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Cameron Hill by Martin Flavin

Cameron Hill

by Martin Flavin

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If Martin Flavin is remembered at all, it is for his rags-to-riches novel Journey in the Dark, which won the Pulitzer Prize. Critics regard his novels as flawed minor entertainments, though with some compelling elements. For example, he excelled at characterization and dialogue (he was, first and foremost, a playwright). Cameron Hill, his last novel, falls within this category. Cameron Bradley is born into affluence and comfort, but is unable to overcome his father's early death and a controlling mother (an emotional vampire who plays on her son's guilt at abandoning her and his lingering sense of family duty). In his early 20s, just before entering medical school, he marries impulsively, in haughty defiance of his mother's expectations, but then allows a childish craving for his mother's approval to sabotage the marriage. This is typical of his behaviour throughout the novel, which is told mostly in flashback years after he has flunked out of school and in the immediate aftermath of a senseless murder he has committed. Cameron marries a second time, into a wealthy family, but this relationship fizzles as well for much the same reason. The novel begins with a police detective investigating the murder, and we fully expect this element to be resolved at the end. When it isn't, we're left wondering if the author lost interest in his story. This is unfortunate because much of the narrative describing the dissolution of Cameron's first marriage is compelling. If nothing else, Cameron Hill provides an engrossing critique of the soul destroying blandness of suburban America and the pursuit of wealth. John Cheever did it better, though, with more subtlety and humour. ( )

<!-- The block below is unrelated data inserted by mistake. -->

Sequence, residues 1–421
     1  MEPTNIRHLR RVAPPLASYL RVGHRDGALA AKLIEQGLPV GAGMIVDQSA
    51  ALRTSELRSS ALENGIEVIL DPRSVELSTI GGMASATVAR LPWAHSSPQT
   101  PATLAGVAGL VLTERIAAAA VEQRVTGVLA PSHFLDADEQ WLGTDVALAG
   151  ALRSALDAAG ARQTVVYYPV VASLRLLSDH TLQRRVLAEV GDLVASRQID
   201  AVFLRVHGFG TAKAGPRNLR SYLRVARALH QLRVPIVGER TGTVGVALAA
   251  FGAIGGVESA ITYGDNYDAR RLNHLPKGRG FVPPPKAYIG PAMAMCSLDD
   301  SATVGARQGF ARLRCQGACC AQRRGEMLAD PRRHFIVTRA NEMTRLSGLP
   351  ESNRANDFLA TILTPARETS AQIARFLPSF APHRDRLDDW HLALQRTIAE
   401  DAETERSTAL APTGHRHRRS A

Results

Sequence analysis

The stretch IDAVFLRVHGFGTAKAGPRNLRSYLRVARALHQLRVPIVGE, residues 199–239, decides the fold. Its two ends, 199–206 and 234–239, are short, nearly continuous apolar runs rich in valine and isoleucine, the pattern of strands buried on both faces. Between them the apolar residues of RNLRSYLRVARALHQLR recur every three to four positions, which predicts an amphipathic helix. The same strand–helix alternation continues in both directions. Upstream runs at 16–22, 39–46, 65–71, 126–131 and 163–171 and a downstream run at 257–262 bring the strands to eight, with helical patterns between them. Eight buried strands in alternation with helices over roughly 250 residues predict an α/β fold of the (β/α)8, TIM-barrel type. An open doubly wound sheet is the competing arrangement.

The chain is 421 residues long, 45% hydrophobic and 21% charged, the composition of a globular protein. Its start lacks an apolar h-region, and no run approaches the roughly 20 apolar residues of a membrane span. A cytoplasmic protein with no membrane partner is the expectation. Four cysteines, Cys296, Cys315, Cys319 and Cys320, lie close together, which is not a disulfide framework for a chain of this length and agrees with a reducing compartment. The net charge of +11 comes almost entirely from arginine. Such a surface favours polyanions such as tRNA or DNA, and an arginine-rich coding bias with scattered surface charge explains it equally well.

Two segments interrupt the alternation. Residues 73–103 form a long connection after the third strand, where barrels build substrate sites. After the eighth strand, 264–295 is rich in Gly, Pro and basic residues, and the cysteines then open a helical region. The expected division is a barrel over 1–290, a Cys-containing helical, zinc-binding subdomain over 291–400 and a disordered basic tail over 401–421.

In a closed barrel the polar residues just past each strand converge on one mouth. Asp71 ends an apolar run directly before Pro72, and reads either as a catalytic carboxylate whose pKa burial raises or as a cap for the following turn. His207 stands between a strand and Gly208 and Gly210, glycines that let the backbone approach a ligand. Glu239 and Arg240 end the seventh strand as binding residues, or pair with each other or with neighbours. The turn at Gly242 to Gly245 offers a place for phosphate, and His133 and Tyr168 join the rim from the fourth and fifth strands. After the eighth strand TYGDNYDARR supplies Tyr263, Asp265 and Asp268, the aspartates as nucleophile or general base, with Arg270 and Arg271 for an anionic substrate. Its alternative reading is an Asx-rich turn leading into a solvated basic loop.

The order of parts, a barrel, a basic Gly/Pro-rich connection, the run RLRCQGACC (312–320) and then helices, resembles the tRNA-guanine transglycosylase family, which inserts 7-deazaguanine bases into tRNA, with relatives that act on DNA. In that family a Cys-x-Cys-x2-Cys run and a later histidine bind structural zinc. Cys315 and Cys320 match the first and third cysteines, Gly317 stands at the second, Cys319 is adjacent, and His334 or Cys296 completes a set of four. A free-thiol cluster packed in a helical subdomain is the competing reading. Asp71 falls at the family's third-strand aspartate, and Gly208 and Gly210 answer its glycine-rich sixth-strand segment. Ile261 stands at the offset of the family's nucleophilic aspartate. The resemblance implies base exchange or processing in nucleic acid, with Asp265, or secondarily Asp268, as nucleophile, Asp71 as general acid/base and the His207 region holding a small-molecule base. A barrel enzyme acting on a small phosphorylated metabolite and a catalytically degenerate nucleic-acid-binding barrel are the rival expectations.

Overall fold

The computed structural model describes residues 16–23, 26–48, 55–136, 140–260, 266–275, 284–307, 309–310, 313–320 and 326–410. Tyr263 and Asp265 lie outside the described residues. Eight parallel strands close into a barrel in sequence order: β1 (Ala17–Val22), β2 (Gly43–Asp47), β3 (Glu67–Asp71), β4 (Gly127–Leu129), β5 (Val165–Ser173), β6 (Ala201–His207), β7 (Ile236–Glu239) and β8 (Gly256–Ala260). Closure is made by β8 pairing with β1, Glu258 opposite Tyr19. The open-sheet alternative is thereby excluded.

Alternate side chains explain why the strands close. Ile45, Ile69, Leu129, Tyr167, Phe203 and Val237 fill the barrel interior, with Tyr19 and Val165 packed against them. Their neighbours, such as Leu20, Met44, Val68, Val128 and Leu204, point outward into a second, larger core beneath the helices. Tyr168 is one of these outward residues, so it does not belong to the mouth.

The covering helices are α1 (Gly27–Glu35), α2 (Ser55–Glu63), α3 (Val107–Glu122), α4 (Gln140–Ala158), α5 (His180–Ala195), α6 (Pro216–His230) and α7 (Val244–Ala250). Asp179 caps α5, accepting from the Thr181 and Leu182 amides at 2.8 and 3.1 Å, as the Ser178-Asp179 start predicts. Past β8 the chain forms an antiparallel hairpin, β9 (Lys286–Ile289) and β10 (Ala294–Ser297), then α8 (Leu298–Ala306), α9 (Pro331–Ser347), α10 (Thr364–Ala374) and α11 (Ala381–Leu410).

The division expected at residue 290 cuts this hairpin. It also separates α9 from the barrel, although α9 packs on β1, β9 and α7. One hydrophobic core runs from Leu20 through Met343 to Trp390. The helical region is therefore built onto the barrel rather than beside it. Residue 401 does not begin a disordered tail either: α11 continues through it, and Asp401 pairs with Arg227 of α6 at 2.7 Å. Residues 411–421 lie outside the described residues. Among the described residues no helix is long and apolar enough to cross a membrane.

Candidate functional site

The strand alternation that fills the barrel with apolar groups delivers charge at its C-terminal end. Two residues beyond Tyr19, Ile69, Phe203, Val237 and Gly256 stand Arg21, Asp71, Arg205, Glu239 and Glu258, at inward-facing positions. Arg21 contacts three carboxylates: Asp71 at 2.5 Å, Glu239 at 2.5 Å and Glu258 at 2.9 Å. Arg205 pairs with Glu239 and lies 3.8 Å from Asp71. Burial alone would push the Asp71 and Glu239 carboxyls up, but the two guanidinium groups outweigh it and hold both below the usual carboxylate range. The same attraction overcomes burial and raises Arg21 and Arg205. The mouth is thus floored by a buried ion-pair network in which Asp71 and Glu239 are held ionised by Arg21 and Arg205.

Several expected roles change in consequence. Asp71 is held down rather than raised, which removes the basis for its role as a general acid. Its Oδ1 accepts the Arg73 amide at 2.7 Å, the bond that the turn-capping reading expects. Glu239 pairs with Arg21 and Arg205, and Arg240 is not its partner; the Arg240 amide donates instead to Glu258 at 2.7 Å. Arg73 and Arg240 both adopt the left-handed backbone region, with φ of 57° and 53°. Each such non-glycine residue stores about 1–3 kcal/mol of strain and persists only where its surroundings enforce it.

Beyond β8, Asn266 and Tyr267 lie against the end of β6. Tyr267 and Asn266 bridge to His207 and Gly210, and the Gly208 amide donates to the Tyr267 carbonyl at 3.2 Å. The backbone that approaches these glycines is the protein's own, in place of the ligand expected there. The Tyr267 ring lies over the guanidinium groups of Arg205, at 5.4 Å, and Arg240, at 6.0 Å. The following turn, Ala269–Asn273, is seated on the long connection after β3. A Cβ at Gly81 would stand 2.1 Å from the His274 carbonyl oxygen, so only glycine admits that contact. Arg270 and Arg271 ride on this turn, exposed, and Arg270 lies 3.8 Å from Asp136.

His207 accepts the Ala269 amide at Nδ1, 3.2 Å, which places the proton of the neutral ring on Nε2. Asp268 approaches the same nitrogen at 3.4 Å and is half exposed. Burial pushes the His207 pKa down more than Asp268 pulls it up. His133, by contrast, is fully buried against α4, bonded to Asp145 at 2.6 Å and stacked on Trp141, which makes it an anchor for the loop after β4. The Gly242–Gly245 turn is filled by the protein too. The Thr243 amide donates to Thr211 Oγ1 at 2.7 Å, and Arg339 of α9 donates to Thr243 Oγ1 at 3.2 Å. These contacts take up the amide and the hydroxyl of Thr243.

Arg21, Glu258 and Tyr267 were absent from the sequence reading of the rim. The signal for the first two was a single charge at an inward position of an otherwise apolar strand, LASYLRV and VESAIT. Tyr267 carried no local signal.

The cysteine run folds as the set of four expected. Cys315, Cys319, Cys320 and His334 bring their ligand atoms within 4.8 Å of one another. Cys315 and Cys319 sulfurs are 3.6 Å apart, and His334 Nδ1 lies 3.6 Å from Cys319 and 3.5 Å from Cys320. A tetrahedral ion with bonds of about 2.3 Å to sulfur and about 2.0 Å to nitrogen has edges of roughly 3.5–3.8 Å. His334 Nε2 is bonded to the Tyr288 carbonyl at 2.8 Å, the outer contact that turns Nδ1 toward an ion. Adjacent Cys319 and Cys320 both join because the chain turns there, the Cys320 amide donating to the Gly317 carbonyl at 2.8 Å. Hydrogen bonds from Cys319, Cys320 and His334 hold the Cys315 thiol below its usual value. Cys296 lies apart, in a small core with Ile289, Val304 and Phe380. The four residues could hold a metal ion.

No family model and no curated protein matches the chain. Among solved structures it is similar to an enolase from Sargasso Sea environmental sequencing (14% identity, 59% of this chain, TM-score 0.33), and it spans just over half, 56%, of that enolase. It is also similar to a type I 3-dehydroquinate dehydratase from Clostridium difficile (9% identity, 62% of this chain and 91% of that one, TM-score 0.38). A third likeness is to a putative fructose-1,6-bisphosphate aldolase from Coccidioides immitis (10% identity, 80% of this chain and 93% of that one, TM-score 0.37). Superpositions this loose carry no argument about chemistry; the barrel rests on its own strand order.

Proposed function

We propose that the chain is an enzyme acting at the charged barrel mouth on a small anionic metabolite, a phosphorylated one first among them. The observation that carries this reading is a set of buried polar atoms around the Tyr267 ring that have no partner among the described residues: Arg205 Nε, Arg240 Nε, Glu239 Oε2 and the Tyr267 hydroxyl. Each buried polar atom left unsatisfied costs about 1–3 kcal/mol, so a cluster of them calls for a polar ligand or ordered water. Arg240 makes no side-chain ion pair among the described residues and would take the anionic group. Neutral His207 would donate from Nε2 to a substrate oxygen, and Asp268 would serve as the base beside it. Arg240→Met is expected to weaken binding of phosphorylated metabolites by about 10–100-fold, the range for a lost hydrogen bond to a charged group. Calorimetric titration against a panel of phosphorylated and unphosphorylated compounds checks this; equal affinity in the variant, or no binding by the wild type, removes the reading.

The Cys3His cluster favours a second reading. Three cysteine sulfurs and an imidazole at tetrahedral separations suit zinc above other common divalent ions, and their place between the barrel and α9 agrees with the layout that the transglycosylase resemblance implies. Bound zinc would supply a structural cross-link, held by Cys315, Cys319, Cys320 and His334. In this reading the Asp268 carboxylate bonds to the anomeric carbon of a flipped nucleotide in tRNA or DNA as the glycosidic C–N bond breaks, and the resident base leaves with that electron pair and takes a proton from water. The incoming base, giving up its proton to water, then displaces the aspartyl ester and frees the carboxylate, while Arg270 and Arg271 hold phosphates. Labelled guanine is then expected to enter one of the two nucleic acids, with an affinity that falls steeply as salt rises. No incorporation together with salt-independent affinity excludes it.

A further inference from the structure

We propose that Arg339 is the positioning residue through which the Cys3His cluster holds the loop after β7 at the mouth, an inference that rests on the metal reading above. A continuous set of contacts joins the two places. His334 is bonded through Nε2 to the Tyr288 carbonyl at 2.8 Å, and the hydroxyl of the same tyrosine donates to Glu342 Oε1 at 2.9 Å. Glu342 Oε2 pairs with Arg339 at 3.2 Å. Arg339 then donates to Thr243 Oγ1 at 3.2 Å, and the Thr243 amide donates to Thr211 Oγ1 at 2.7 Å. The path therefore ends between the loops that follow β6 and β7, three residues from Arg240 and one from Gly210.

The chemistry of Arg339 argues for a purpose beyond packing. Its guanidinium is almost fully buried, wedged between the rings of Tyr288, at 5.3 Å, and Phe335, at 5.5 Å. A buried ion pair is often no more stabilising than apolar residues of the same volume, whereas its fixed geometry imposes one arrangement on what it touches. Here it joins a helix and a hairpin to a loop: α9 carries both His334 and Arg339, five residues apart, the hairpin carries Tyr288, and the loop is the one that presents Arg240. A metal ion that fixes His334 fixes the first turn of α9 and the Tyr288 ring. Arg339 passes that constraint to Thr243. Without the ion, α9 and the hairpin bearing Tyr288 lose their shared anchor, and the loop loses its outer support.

icolford | Nov 27, 2011 |
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